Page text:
This was a double-blind, placebo-controlled, randomized exploratory trial in METH-dependent adults with MAP. Before the trial, we assumed that METH-positive urine samples would be decreased to 40% in the treatment group and to 60% in the placebo group based on data from published reports (19) and calculated that a sample size of 40 patients per treatment group would provide 96% power to detect an odds ratio of 3.5 in a design with 12 repeated measurements having a compound symmetry covariance structure. The correlation between observations on the same subject was 0.5, and the alpha level was 0.05 (20, 21).

Study Participants

The participants comprised recruits from voluntary drug treatment wards where detoxification with antipsychotic medication occurred and previous hospital inpatients who had been discharged. Men and women aged 18–60 years who met the Diagnostic and Statistical Manual of Mental Disorders, 4th Edition, criteria for METH dependence with psychosis were enrolled in the study. The patients were included if they completed acute inpatient treatment (≤30 days) for METH use with remitted psychotic symptoms and 7 days without medication after discharge. Women of childbearing potential agreed to use contraception during the study. The exclusion criteria included pregnancy or breastfeeding; significant medical conditions (acute renal failure, endocarditis, active hepatitis, and tuberculosis); past or present history of an AIDS-indicator disease; aspartate amino transferase or alanine aminotransferase more than three times the upper limit of normal; known intolerance or hypersensitivity to paliperidone ER; other psychosis; and being dependent on substances other than METH or nicotine.

Study Medication

The paliperidone ER and placebo were in capsule form and identical in appearance and were prepacked in paper bags by others who were independent of the trial. After the research nurse obtained the patient’s consent, she telephoned a contact who was independent of the recruitment process for allocation assignment. Each patient was assigned an order number and received capsules in the corresponding paper bags. One-week medication sealed packages were dispensed to the participants as the treatment allocation by a pharmacist with no involvement in the clinical or research activities of the study. Participants were instructed to take 3 mg daily for 1 week. The participants had to return all the packages, including the sealed and unsealed packages, during the next follow-up. The following additional medications were permitted: alprazolam (up to 0.8 mg/day) for agitation, anxiety, and insomnia (but not allowed in the morning prior to scheduled assessments); lithium carbonate (1,000 mg/day); magnesium valproate (500 mg/day); benzhexol (2 mg twice daily) to attenuate the extrapyramidal symptoms induced by antipsychotics; and propranolol (10 mg thrice daily) to improve tachycardia (heart rate >100 per minute).

Randomization and Blinding

The study statistician with no involvement in the clinical or research activities of the study generated a 1:1 random allocation sequence using a fixed-block size of 8 and put the allocation sequence in sequentially numbered, opaque, sealed, and stapled envelopes. We separated the staff who made the assessment and the staff who delivered the intervention. The staff members who made the assessment were not informed of the treatment group assignment. Conversely, the intervention staff and psychologists did not make the assessments. All investigators, staff, and participants were kept masked to outcome measurements and trial results.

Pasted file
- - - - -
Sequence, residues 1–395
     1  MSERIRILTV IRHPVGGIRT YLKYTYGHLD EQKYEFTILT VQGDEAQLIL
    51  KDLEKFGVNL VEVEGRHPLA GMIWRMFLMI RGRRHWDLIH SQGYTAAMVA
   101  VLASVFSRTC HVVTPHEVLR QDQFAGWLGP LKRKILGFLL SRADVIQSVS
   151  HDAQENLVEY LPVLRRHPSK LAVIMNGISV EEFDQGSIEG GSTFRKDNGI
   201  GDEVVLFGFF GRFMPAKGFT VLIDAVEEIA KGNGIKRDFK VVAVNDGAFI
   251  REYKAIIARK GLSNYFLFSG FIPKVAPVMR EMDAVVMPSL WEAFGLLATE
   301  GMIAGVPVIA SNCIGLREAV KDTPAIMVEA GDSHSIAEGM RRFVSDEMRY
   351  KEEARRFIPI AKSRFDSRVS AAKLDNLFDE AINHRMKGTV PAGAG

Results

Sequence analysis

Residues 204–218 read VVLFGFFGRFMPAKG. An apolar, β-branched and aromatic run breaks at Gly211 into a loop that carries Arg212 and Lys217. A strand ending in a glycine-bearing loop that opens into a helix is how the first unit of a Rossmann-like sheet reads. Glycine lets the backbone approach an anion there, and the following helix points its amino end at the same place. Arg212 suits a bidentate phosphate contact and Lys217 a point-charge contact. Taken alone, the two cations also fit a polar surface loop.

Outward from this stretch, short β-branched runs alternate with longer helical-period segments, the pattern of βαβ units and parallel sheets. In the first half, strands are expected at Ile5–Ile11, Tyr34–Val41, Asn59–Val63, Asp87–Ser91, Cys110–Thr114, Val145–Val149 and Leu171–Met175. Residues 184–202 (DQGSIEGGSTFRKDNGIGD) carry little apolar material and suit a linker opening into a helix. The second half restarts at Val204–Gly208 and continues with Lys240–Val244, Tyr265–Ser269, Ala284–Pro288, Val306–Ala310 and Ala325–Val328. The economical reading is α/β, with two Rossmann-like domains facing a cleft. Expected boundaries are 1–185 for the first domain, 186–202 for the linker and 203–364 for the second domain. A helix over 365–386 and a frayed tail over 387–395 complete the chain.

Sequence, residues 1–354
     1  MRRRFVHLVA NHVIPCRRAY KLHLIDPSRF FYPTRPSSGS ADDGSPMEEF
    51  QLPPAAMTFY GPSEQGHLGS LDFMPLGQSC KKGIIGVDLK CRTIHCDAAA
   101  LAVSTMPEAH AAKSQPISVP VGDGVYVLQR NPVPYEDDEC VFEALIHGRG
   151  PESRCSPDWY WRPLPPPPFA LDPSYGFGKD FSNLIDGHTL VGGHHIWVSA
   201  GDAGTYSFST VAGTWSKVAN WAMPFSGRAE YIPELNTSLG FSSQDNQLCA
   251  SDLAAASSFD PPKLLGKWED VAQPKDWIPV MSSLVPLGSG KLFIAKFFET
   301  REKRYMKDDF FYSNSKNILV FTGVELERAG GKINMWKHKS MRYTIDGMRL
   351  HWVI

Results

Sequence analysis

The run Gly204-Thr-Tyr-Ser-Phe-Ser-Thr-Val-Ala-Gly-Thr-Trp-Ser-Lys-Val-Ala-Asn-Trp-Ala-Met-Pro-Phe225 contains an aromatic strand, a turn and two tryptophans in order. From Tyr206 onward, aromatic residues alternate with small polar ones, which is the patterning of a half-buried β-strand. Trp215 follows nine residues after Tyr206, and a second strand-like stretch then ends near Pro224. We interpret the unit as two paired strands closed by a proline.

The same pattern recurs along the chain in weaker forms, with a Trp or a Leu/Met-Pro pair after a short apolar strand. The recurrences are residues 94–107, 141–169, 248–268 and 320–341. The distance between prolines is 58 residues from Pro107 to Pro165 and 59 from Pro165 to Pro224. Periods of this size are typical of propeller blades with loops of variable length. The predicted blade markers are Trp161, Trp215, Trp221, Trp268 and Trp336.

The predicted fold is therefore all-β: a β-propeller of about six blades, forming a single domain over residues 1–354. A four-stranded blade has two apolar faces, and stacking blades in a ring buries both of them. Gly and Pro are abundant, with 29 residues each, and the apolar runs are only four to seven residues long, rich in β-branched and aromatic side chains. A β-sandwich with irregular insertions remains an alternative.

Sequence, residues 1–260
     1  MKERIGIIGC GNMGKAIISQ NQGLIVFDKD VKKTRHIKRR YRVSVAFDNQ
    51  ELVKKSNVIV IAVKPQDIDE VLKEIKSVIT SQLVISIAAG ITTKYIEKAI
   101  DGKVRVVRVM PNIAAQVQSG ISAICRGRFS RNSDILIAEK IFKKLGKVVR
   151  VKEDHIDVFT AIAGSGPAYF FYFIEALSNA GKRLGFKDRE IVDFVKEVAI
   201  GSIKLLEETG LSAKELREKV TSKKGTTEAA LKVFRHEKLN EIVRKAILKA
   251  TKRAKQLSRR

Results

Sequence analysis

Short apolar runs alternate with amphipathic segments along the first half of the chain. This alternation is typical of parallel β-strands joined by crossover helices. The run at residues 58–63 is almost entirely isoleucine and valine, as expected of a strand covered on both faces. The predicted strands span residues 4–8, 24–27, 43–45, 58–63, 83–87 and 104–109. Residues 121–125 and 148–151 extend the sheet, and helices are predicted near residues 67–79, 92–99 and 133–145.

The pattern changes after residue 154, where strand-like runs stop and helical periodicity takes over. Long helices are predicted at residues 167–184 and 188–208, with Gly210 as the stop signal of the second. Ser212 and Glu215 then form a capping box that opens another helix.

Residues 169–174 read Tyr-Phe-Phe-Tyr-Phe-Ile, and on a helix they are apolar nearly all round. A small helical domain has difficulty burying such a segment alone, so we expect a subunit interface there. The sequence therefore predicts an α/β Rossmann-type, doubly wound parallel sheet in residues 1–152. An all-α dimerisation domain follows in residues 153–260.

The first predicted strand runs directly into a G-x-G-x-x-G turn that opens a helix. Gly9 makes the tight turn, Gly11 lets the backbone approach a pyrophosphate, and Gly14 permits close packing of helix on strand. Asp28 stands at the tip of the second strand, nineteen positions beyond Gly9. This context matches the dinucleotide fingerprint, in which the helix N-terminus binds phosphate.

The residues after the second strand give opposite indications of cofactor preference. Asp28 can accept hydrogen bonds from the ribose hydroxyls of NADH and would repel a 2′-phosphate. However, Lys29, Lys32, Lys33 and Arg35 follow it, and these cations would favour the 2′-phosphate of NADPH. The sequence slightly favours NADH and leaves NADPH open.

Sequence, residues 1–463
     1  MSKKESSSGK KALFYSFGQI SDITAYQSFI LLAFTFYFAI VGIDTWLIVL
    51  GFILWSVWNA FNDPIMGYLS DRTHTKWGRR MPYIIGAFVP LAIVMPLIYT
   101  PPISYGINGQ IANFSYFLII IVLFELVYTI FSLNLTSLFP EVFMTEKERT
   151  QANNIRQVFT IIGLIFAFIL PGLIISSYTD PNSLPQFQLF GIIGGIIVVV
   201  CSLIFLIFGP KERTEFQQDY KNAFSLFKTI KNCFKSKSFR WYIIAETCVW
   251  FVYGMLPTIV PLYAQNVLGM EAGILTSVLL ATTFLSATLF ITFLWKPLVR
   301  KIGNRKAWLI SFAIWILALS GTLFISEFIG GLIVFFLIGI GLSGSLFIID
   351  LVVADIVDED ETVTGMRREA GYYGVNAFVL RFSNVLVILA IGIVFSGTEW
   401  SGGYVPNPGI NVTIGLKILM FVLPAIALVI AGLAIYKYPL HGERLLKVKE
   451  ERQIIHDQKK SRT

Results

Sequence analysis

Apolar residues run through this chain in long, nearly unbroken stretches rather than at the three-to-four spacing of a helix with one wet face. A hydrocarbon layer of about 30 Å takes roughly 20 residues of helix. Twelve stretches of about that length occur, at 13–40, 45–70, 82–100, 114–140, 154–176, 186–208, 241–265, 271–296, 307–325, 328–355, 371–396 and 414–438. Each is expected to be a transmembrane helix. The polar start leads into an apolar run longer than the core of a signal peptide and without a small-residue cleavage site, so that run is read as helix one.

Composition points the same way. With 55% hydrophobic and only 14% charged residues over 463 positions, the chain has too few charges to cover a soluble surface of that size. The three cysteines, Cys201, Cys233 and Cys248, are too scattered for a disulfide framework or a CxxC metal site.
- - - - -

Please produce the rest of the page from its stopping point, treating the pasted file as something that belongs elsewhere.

The screening was performed by clinical staff when the patients completed inpatient METH detoxification and were discharged from the hospital. The screening included obtaining complete histories and physical information, blood counts, metabolic panels, liver function tests, and rapid qualitative urine METH tests using immunochromatographic METH metabolite detection. A reassessment was made on the seventh day after they left the hospital to exclude the patients who had relapsed to METH use, had a psychotic relapse, or used antipsychotic medications, followed by a baseline clinic visit during which randomization and drug dispensing occurred. The participants were seen weekly for psychotic symptom and METH craving assessment, urine collection, and physical exams for 12 weeks. The clinicians were psychiatrists and psychologists who were trained and received the National Certificate of Psychological Consultant and provided weekly 30 min cognitive behavioral therapy counseling sessions, during which the importance of taking the medication daily and how to handle missed doses were discussed. Safety assessments were performed at baseline and the final visit on day 84.


The outcomes included retention rates. Retention was defined as the duration of time spent in the trial for each individual and was calculated from the date a patient was randomized into the double-blind phase of the trial to the date the patient either completed or was officially withdrawn from the trial. The official withdrawal occurred when one or more of the following conditions were met: 1) the patient went without treatment for 7 days, 2) the patient was lost to follow-up for 2 weeks, and 3) the patient had to stop the trial for some reason. The recurrence of psychotic symptoms during the study, as determined by the time to the first experience of psychotic symptoms, i.e., a psychotic recurrence, was assessed through day 84. Psychotic symptom reoccurrence was defined as one or more of the following: 1) hospitalization for symptoms of psychosis (involuntary or voluntary admission); 2) deliberate self-injury or violent behavior or clinically significant suicidal or homicidal ideation; 3) 25% increase in the Positive and Negative Syndrome Scale (PANSS) total score for patients who scored >40 at randomization, or a 10-point increase for patients who scored ≤40 at randomization, for two consecutive assessments (i.e., within 1 week); and 4) increase in prespecified individual PANSS items scores (P1, P2, P3, P6, P7, and G8) to ≥5 for patients whose score was ≤3 at randomization, or to ≥6 for patients whose score was 4 at randomization for two consecutive assessments (i.e., within 1 week) (22). Changes in severity of psychosis, including change from baseline in weekly PANSS total score and Clinical Global Impression—Severity (CGI-S), were determined. Craving was assessed with a weekly self-report visual analog scale (VAS) of the need for METH (scale 0–10; 0 = not at all; 10 = very much so) (23). The confirmation of METH abstinence was assessed during the 12 weeks. Confirmed abstinence was defined as a negative urine drug test. The participants were seen weekly for urine collection. The following measures of urine drug test results were calculated: the longest period of METH abstinence during the 12-week study period and the treatment effectiveness score [TES; the sum of the number of METH-free urine samples submitted per participant (24)].